Boulder police take back JonBenet investigation

BOULDER, Colo. (AP) Chief Mark Beckner said new technology gives investigators tools they didn't have a decade ago; the 6-year-old beauty pageant contestant was found bludgeoned and strangled in the basement of her Boulder home in 1996.

Police had transferred the probe to the district attorney's office six years ago amid criticism of how the case was handled.

"We'd love to solve this case for JonBenet so she can rest in peace," Beckner said at a news conference announcing the shift.

Police will handle the investigation as a cold case, "reviewing everything that's been done, the evidence that's been collected, trying to determine where do we go from here," he said.

L. Lin Wood, an attorney for JonBenet's father, John Ramsey, said the decision was a "positive sign in terms of my hope that the Boulder Police Department will take not only a new review in terms of a cold case review, but that it will go in this time with an objective review."

Wood and Ramsey have been critical of previous police efforts, saying they unfairly focused on the family and ignored other evidence.

Patsy Ramsey, JonBenet's mother and John Ramsey's wife, died in 2006 after a long battle with cancer.

Beckner said he and newly elected District Attorney Stan Garnett agreed that police should lead the investigation again. Beckner said he has invited a team of veteran investigators from state and federal agencies to join an advisory task force.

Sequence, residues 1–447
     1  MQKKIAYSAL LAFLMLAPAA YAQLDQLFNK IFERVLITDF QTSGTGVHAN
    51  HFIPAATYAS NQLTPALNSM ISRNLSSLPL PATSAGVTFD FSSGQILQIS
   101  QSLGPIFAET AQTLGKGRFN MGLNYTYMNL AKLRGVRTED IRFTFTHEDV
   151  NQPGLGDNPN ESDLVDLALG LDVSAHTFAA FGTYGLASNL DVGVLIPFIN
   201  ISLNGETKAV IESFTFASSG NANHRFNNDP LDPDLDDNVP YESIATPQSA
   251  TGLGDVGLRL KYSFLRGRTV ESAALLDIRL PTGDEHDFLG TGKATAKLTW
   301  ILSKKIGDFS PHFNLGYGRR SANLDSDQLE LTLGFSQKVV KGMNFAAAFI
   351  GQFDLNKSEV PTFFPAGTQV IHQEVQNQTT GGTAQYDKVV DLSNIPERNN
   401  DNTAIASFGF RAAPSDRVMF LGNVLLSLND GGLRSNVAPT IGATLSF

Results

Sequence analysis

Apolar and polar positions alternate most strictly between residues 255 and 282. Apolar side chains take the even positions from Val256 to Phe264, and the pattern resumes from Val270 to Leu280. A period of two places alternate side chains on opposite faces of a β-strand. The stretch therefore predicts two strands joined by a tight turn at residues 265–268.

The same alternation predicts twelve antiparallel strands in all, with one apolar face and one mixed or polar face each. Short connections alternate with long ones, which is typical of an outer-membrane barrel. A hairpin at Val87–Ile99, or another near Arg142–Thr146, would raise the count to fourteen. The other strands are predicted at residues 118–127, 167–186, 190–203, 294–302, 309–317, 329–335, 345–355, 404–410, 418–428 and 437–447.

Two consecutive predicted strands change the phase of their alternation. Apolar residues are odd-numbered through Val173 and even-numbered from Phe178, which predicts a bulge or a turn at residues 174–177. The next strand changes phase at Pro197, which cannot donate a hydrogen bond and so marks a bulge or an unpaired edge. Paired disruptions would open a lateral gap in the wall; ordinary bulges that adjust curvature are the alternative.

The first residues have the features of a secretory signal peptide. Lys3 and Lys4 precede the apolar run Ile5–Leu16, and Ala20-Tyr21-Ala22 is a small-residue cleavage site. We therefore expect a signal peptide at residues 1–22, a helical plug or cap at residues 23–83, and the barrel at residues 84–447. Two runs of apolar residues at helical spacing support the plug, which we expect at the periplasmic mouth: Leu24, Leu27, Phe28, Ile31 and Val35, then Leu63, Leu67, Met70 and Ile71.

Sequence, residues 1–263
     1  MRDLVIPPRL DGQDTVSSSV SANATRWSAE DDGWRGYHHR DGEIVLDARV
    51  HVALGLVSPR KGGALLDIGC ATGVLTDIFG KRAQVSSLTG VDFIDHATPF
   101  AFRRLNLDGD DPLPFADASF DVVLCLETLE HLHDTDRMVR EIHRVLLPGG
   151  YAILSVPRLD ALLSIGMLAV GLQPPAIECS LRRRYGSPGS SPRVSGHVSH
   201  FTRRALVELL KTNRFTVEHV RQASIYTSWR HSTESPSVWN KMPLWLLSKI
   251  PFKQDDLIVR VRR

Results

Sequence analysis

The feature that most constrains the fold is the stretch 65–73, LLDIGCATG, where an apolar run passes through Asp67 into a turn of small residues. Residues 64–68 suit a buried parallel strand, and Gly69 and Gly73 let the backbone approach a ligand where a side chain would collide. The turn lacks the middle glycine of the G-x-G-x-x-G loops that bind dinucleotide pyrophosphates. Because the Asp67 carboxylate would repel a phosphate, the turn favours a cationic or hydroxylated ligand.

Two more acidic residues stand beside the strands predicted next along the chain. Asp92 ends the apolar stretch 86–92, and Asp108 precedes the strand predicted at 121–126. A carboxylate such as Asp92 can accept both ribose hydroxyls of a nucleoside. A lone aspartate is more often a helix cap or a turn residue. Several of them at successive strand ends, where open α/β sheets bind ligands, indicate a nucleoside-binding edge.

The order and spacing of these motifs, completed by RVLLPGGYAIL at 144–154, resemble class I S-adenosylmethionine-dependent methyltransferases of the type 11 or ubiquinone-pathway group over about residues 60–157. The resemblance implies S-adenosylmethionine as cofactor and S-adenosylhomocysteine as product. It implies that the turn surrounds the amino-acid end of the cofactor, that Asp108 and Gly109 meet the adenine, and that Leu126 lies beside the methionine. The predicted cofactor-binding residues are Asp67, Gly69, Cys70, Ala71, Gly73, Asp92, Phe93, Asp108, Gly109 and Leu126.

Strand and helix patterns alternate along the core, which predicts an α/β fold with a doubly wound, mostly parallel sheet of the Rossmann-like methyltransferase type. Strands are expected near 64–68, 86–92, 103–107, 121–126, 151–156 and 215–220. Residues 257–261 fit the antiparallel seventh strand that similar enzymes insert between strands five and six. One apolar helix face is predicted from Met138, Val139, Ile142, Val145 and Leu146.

"We're bringing in people on this task force that are going to have a fresh perspective. (They're going to) look at this case, tell us what they think, challenge us, give us ideas."

The group will meet in the next few weeks to review the evidence and identify additional testing that might be done.

Beckner told the Camera newspaper of Boulder the task force will "explore all possible theories about what happened the night JonBenet was killed" and added, "We are open to all possibilities."

At the news conference, Beckner said more than 140 people had already been investigated as potential suspects, but none could be definitively linked to the crime.

Garnett's predecessor, Mary Lacy, last year cleared Jonbenet's family in the slaying, saying male DNA found on the girl's clothing almost certainly came from her killer, and that it didn't match anyone in the family.

Beckner informed John Ramsey of the change in the investigation in a letter, but gave no hint that police would back away from that finding.

"Nor could any objective investigation back away," Wood said. "(The DNA evidence) is compelling if not conclusive."

Lacy did not run for re-election because of term limits. She told the AP that returning the investigation to police was "a great idea."

"I think that time has resolved any issues that might have lingered, but also I think that Mark Beckner has done a very good job," she said.

Lacy said the reason her office took over the case in 2002 was that the Ramsey family had no confidence in the police. "It wasn't that they were incompetent," she said of the officers.

Lacy said she is "absolutely" hopeful the case will one day be resolved.

"I believe the DNA (that cleared the Ramsey family) is the most significant piece of evidence, and hopefully, as with some cold cases, there will eventually be a hit on it," she said.


Associated Press Writer Dan Elliott in Denver contributed to this report.

(Copyright 2009 by The Associated Press. All Rights Reserved.)


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